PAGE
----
Door against the cold
Someone is dying tonight.
Someone always is. A life springs up,
then folds together. White rocks,
a last drink, a black umbrella.
Mum brings in wood, two under each arm.
She could have carried us like that.
Across the street, in moonlight,
she squints at something.
The dead should come back changed,
or what’s the point? The beach cools,
she hums. Hand over hand,
the stacks of kindling.
The waves flicker, the harbour’s brewing.
The ship is a sort of dark undoing.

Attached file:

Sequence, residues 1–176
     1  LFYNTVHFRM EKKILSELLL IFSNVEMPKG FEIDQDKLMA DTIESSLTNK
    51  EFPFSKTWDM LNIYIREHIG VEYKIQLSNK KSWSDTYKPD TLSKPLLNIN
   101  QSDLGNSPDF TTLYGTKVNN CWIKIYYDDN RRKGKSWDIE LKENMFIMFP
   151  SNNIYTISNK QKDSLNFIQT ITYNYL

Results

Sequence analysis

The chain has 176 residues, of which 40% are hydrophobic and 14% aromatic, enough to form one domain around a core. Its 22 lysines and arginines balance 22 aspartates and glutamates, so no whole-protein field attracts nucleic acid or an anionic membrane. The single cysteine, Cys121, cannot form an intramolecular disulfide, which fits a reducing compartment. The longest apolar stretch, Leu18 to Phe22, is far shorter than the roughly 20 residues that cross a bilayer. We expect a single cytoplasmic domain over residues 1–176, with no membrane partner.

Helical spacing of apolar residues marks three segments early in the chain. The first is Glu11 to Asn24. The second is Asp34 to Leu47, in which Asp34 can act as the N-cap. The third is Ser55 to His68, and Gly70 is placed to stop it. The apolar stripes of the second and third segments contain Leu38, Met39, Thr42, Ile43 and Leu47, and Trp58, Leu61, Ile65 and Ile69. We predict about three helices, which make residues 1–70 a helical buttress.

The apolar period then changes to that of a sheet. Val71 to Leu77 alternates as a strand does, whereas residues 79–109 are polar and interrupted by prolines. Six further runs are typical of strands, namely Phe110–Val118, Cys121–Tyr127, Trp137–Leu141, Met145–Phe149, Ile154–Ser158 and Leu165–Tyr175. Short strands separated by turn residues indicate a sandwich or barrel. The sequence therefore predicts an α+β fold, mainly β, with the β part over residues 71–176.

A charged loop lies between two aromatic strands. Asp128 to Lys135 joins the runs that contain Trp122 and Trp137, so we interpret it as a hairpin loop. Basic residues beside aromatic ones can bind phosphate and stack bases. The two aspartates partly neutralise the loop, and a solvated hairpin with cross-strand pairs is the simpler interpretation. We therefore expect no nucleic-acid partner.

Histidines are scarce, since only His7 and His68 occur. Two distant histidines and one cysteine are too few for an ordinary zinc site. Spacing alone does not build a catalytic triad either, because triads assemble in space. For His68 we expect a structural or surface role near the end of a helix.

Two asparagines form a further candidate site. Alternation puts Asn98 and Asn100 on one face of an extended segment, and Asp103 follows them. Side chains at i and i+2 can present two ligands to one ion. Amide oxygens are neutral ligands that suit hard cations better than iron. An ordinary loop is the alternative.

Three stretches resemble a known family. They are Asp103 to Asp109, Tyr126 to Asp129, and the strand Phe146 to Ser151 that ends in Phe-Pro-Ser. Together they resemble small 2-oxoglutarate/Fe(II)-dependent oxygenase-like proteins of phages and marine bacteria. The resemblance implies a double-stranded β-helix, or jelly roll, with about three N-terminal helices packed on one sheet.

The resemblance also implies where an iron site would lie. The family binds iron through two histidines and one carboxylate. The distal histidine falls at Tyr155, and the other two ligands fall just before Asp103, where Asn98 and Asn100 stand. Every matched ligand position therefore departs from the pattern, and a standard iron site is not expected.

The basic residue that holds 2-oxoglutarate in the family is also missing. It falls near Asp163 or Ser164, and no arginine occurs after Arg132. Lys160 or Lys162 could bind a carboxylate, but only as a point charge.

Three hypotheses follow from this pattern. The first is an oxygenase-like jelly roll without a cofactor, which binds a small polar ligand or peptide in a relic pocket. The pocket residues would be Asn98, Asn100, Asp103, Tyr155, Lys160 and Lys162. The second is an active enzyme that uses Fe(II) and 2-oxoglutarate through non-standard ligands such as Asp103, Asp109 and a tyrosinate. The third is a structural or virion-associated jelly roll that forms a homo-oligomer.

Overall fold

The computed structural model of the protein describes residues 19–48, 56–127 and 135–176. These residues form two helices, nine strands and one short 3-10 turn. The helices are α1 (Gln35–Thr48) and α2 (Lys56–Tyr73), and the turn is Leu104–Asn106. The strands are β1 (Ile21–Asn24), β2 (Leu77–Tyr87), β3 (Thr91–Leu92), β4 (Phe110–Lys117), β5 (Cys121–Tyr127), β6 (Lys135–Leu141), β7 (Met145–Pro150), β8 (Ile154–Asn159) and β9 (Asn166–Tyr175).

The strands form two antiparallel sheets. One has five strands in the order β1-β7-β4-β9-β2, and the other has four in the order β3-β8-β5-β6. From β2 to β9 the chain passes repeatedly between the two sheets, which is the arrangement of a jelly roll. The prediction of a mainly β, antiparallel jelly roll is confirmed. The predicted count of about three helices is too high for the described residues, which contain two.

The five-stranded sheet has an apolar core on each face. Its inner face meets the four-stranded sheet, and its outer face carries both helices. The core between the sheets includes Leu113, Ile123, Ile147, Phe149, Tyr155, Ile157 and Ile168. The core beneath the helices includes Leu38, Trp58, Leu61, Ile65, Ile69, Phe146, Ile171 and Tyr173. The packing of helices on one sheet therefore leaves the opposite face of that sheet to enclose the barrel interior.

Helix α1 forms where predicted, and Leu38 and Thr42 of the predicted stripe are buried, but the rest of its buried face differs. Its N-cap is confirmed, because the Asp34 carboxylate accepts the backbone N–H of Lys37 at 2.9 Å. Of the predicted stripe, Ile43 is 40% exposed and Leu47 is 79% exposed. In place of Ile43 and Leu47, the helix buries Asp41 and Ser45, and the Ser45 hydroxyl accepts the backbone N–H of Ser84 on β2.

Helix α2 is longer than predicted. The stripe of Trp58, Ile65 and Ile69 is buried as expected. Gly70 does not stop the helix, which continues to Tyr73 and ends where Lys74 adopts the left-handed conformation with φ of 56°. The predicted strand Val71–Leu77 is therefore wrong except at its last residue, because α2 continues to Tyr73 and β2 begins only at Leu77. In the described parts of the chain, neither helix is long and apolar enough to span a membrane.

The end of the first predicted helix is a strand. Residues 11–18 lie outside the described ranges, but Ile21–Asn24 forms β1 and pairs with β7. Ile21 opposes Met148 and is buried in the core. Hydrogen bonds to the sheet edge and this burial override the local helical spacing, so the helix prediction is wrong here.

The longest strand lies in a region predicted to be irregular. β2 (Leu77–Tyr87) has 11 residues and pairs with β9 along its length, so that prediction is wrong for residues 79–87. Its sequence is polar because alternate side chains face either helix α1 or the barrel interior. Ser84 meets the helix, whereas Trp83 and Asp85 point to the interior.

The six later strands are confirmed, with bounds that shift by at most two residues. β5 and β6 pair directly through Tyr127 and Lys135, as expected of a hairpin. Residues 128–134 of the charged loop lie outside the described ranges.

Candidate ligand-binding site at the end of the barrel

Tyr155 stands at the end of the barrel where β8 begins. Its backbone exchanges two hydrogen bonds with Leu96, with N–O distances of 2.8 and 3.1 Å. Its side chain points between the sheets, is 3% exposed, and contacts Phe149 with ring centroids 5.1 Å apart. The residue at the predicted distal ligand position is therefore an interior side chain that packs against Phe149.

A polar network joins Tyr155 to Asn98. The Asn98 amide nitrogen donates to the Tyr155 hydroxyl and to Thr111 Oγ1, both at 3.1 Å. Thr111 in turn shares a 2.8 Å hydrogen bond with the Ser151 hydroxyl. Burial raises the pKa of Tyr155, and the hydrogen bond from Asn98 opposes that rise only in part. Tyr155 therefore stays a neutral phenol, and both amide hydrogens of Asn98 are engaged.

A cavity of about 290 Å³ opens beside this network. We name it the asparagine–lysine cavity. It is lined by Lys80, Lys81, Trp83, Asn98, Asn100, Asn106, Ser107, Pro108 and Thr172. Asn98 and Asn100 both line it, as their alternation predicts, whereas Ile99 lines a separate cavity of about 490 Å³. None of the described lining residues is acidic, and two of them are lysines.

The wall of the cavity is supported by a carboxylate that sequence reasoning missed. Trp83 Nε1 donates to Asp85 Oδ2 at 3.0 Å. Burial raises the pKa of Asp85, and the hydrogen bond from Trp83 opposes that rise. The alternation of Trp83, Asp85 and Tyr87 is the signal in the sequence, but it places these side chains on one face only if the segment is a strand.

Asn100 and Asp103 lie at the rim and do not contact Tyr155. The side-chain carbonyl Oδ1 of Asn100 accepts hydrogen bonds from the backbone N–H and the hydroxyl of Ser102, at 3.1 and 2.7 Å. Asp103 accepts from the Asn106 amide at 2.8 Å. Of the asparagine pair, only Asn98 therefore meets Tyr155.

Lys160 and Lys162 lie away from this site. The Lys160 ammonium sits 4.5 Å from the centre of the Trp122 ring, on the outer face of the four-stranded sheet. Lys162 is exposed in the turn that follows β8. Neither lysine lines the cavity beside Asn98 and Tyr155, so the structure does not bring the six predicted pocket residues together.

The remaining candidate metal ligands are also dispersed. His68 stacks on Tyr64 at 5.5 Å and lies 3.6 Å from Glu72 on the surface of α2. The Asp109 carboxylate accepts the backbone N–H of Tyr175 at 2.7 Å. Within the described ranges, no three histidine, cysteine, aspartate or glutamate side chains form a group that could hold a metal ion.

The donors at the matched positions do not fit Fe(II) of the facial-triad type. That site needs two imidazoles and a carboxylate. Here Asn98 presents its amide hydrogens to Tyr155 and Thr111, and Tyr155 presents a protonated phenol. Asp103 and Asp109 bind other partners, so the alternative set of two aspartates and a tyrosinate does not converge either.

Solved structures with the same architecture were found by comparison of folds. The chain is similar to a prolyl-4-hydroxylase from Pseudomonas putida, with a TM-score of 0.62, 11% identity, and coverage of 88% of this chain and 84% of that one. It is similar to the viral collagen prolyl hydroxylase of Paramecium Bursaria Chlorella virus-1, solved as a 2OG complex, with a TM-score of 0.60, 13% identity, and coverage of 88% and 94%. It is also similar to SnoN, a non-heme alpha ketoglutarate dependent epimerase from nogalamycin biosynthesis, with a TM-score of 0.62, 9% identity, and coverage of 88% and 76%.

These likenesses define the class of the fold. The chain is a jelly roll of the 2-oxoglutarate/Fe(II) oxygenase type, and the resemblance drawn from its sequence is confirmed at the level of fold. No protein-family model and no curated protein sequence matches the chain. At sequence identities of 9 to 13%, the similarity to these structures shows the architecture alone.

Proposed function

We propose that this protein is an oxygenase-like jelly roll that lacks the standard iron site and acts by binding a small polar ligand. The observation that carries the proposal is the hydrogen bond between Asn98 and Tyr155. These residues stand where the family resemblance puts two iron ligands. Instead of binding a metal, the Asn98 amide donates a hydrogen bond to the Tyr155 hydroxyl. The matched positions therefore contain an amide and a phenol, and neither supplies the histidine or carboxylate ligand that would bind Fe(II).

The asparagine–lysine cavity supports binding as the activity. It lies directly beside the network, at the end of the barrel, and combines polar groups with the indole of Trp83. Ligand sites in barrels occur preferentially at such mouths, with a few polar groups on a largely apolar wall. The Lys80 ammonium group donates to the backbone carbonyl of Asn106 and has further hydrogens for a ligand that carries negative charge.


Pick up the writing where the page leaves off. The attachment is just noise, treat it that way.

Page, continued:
Oscar Upperton has published poems in Sport and Metro. He lives in Wellington. (Don’t read my dad’s poem. It blows.)
Oscar comments: ‘In this poem, I tried to capture particular memories—a night at a bach in bad weather, Mum stacking wood in the fireplace on a winter evening. The memories and the images add up to an emotion I can’t explain another way.’